Every business is now a technology company in some way, and just like computers made it into the office a few decades ago, now the cloud is becoming a staple for almost every business. Having worked in many, many client environments, the move to the cloud typically always happens the same way. A department or project manager decides to launch their cloud adoption, which leads to an Azure or AWS tenant being created. Some instances are provisioned, network routes setup, and the deployment grows organically from there.
The result of such organic growth tends to be disorganization. Naming conventions are brought in later on, tools are decided on the fly, and even if you use infrastructure-as-code, I've seen many cases where one group is using Terraform, while another is using CloudFormation, and of course there's the break-fix instances where people go into the web console and change things manually. Almost no company older than a couple of years old out there doesn't have a legacy environment or two. The bottom line is that in almost every case, a corporate cloud deployment never meets all the best practices.
The importance of best practices
Organic growth is important, but best practices have been established to ensure that things like security and privacy are taken into account from the onset. Even if the goal is to follow these practices, they too evolve and change over time, and legacy resources are rarely brought up to speed. Tools change too, and whereas serverless computing is all the rage these days, that didn't use to be the case just a few years ago, and some new buzzword will likely become the center of attention soon. This makes it hard to have a large, unified cloud strategy.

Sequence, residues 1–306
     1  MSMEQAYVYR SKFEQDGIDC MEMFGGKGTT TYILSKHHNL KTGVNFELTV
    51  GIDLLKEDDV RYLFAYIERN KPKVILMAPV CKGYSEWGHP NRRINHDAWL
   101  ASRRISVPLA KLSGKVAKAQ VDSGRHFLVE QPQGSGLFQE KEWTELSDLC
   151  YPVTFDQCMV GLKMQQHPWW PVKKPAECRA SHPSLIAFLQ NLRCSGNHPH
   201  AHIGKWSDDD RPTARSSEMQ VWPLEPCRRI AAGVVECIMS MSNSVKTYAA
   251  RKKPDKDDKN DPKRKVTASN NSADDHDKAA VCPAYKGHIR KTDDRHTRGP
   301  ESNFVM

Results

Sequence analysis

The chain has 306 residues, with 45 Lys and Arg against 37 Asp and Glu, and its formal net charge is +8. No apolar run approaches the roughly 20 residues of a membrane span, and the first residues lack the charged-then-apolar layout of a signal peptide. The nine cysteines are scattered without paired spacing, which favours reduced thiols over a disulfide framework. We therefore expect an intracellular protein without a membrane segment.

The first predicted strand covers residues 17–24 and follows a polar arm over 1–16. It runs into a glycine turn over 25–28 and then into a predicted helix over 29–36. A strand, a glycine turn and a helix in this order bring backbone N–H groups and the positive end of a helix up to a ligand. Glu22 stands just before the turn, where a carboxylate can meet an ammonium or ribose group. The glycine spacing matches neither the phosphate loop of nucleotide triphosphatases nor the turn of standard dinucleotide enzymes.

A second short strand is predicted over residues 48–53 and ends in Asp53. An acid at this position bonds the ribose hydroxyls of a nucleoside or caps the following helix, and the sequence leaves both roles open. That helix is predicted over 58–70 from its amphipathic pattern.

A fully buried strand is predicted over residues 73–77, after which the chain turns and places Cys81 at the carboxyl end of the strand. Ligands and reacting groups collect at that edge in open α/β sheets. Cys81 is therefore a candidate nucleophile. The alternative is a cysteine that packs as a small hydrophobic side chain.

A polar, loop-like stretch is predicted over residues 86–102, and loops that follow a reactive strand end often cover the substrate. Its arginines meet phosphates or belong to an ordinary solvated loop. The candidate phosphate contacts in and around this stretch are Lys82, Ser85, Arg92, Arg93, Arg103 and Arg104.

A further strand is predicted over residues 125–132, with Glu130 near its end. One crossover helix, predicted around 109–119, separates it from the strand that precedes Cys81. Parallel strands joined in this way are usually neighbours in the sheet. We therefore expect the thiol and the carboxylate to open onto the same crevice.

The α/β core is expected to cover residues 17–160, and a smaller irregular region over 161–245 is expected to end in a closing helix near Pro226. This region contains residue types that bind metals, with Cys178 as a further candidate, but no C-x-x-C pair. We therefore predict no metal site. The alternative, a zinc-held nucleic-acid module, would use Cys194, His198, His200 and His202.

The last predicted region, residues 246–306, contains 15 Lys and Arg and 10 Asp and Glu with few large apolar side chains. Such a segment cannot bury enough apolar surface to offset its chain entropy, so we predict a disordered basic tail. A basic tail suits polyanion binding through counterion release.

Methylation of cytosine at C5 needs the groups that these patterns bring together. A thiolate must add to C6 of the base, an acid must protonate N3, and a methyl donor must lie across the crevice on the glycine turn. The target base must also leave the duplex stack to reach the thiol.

This is what a cloud audit process provides. It's crucial to go through all the resources in all the cloud environments, and make sure nothing fell through the cracks. But what kind of things can be found from such an audit?
First, there's the obvious: security. Are instances being patched? Are firewall rules locked down properly? Are VPNs being used correctly? Is data being encrypted? These are all questions that need to be answered, and since most businesses don't even have an accurate account of all their cloud resources currently deployed, how can you know if these resources are secure?
But a cloud audit can also help save a lot of money. In almost every environment I've dealt with, there were resources that were still provisioned, but no one was using. Even for resources that are being used, there are often ways to drastically reduce costs, by using reserved instances for example.
A cloud audit can also pin-point less obvious issues. All cloud providers have ways to monitor performance, but those tools are rarely utilized well. It's easy to have bottlenecks, for example an over-taxed instance, without realizing it. Your web app could be much slower than it could be. Logs gathering is another common item missing from many deployments.
A recurring need
Most businesses, especially those that have had a breach in the past, understand the need for regular security audits. But cloud audits should also be a recurring affair. Cloud providers introduce new features all the time, and add new tools that can improve your experience all the time. But your role is running your business, not keeping track of every news item from Amazon or Microsoft. That's why bringing in an outside consultant on a regular basis is worthwhile.
The traditional guideline is that a cloud audit should happen once a year, and possibly more often if you're running a heavy workload in the cloud, such as a SaaS offering. While such an audit will never catch every possible item of value, it does give you a lot of actionable items that can both save you money and ensure a more safe and secure environment for your users.